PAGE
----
From: Simon Raboczi <raboczi@tucanatech.com>

Date: Tue, 15 Jun 2004 09:37:55 -0700

To: public-rdf-dawg@w3.org

Message-Id: <5A56257E-BEEA-11D8-828A-000A95C5686E@tucanatech.com>

Date: Tue, 15 Jun 2004 09:37:55 -0700

To: public-rdf-dawg@w3.org

Message-Id: <5A56257E-BEEA-11D8-828A-000A95C5686E@tucanatech.com>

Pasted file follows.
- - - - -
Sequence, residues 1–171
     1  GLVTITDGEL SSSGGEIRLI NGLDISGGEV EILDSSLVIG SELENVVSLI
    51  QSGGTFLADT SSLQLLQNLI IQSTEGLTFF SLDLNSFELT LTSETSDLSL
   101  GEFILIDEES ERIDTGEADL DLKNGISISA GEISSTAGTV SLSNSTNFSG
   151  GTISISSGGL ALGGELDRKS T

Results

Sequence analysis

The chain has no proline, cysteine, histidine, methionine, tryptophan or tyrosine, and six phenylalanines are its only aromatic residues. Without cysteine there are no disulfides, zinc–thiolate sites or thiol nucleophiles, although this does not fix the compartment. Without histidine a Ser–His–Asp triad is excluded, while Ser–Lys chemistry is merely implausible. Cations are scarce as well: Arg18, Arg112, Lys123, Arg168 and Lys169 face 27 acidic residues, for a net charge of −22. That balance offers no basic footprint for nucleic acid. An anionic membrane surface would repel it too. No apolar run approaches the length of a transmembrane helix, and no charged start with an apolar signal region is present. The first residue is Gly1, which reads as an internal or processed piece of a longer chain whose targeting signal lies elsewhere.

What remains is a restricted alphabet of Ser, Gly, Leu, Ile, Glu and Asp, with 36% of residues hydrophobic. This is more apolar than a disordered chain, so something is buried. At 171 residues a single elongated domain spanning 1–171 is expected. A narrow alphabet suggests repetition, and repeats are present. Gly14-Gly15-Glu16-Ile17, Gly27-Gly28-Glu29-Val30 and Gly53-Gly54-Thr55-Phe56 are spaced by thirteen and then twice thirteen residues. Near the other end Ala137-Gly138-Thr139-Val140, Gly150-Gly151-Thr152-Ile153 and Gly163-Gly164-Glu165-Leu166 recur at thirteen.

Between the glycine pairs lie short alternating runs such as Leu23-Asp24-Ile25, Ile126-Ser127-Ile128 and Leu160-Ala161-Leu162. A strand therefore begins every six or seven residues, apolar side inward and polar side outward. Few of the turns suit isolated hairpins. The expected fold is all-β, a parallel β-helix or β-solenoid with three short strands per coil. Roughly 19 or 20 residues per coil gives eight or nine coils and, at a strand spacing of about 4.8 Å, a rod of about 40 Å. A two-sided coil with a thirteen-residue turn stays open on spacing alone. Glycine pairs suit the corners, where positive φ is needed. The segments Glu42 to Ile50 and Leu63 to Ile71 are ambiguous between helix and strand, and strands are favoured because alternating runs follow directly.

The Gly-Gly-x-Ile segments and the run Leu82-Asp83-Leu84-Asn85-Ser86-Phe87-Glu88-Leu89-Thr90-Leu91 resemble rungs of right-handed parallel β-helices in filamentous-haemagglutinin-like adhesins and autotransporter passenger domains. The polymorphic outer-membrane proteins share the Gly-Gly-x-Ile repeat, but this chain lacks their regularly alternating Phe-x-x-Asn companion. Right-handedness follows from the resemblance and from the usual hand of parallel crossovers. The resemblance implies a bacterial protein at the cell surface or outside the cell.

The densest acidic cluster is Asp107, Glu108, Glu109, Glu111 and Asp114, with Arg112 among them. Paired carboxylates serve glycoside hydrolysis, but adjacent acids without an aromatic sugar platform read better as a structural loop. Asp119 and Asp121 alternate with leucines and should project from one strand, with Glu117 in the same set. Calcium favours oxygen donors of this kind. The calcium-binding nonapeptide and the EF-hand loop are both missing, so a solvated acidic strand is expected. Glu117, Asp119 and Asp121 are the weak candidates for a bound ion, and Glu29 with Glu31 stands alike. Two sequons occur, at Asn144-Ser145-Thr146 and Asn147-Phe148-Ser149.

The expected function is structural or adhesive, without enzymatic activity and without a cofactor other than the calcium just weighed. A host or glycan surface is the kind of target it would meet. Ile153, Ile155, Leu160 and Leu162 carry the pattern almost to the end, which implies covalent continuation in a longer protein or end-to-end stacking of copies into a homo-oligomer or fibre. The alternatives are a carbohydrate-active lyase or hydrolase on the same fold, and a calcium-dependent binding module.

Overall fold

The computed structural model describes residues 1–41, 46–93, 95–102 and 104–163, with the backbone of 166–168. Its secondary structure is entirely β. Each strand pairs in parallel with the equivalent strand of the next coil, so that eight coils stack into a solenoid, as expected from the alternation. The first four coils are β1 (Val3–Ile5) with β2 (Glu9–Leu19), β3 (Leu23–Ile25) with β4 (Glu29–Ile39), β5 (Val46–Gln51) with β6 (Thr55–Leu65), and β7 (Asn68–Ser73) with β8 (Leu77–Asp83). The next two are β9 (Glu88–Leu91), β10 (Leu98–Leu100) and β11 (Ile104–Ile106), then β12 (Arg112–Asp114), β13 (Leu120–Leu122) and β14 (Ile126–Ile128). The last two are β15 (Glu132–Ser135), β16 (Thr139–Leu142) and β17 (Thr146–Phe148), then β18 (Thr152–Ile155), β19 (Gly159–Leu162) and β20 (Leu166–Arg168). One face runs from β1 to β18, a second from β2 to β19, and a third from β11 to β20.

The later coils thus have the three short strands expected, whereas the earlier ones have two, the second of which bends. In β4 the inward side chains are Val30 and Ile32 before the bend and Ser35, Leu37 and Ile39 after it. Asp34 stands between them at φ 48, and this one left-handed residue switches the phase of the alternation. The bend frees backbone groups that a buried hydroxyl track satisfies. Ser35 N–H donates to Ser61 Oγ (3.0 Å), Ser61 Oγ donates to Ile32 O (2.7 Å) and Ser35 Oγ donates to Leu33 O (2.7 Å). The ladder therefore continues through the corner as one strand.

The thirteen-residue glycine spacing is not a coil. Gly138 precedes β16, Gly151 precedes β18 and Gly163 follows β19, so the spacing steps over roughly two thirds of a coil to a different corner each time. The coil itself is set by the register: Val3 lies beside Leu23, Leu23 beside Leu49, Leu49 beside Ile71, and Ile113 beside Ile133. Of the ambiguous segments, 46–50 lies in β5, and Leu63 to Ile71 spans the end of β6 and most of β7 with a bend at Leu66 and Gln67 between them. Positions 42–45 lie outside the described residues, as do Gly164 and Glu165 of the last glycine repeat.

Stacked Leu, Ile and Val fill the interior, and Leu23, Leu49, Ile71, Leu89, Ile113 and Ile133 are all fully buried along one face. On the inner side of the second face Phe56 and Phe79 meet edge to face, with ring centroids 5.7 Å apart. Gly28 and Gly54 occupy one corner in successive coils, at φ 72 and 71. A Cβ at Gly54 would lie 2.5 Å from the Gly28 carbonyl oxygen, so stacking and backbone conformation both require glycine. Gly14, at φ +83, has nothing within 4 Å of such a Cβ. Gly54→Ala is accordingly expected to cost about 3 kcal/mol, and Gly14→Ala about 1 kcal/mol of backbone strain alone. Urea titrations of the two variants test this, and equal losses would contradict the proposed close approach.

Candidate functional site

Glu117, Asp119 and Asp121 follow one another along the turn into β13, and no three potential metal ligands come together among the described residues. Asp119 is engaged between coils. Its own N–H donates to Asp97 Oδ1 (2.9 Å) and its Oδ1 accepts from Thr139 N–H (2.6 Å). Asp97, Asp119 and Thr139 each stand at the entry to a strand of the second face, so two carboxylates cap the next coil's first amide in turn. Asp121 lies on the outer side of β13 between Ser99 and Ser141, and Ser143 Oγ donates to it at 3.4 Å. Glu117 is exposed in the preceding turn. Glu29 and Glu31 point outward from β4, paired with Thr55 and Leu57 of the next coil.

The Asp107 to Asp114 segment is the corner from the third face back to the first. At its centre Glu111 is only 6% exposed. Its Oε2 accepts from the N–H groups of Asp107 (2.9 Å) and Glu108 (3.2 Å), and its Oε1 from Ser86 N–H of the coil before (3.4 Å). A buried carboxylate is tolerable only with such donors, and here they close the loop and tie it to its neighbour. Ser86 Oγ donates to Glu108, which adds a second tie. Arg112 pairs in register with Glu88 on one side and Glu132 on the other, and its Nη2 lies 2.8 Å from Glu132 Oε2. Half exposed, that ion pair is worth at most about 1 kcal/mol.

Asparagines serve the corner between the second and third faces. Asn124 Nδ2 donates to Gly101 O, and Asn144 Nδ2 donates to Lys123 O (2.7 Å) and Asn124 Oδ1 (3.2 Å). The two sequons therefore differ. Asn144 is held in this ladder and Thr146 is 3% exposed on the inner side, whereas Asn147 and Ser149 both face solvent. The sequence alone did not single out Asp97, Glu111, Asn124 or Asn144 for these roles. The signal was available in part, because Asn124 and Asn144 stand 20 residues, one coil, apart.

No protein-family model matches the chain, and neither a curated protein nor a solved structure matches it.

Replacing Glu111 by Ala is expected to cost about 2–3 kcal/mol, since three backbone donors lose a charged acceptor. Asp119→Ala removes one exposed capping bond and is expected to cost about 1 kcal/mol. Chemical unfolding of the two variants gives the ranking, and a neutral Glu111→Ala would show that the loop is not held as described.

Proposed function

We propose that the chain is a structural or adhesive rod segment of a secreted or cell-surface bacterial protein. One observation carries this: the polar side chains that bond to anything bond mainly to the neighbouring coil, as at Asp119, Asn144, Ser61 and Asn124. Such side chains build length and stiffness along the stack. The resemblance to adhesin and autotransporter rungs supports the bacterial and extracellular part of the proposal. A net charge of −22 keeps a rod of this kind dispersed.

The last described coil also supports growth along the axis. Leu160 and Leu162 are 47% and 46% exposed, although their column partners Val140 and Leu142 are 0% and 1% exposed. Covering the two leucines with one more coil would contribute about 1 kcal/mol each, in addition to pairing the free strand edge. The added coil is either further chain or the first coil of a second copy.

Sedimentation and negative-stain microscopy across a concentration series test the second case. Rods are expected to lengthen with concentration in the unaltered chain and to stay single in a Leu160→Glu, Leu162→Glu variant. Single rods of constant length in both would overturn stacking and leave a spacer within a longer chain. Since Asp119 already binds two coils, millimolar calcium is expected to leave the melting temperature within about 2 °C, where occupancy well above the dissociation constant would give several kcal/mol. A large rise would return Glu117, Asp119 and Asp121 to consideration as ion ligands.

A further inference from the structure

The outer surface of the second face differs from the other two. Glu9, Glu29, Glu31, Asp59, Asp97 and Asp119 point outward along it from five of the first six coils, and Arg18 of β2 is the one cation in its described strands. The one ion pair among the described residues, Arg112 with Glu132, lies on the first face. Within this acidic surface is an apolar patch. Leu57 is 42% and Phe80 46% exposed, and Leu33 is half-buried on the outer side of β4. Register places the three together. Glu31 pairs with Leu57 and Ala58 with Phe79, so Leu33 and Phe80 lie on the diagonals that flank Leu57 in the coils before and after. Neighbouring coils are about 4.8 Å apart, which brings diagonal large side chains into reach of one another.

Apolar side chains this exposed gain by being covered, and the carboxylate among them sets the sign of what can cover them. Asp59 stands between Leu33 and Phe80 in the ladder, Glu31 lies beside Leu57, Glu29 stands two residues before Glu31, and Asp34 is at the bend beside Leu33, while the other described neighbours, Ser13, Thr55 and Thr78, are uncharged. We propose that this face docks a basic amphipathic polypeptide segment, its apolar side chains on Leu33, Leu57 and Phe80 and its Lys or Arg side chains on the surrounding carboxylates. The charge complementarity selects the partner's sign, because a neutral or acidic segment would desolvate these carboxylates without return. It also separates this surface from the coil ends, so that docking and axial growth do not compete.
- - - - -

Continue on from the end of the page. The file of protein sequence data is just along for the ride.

Consider variable binding results a sum-of-products expressions as follows: A single variable binding: [?x = "apple"] A single result: AND( [?x = "apple"], [?y = "30 cents"] ) A complete query result: OR( AND [?x = "apple"], [?y = "30 cents"] ), AND [?x = "banana"], [?y = "25 cents"] )) The tabular form is a shorthand for the sum-of-products expression: ?x ?y +----------+------------+ | "apple" } "30 cents" | +----------+------------+ | "banana" | "25 cents" | +----------+------------+ A conjunction AND( P1, P2 ... Pn ) is logically true unless any of the conjoined propositions is false. Therefore, a conjunction of zero propositions must be logically true. A disjunction OR( P1, P2, ... Pn ) is logically false unless any of the disjoined propositions is true. Therefore, a disjunction of zero propositions must be logically false. If you have zero variables to bind, there are only two possible sum of products expressions: The false result: OR() The true result: OR( AND() ) In tabular form, the false result has zero columns (variables) and zero rows. The true result has zero columns and one row. It doesn't make any sense to have more than one row, because additional rows would necessarily be duplicates of the first.Received on Tuesday, 15 June 2004 12:38:33 UTC

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